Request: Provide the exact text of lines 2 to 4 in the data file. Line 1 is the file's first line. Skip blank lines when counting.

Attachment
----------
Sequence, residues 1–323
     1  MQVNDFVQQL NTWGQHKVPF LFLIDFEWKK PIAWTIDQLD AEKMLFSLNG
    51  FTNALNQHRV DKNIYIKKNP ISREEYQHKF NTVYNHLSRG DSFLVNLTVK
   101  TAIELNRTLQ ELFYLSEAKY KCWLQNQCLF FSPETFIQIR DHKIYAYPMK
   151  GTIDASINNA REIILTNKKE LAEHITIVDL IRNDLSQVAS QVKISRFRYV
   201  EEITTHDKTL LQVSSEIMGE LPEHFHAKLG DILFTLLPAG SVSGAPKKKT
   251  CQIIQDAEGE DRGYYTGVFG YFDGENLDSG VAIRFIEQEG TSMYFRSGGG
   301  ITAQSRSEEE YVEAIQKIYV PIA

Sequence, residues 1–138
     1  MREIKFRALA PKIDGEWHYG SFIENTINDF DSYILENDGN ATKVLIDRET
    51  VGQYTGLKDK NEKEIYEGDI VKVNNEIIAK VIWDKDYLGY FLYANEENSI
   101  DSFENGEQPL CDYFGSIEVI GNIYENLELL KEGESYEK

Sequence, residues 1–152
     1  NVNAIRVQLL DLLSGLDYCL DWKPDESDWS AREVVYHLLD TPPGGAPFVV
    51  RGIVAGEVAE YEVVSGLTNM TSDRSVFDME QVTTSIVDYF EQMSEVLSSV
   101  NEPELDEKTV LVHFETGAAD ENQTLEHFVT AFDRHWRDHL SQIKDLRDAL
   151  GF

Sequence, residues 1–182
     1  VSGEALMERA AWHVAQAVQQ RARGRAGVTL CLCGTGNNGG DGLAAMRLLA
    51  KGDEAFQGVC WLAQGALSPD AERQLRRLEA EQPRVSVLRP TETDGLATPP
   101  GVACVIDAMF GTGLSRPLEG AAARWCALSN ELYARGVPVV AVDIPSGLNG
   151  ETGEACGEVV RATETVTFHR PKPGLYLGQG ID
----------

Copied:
     1  MQVNDFVQQL NTWGQHKVPF LFLIDFEWKK PIAWTIDQLD AEKMLFSLNG
    51  FTNALNQHRV DKNIYIKKNP ISREEYQHKF NTVYNHLSRG DSFLVNLTVK
   101  TAIELNRTLQ ELFYLSEAKY KCWLQNQCLF FSPETFIQIR DHKIYAYPMK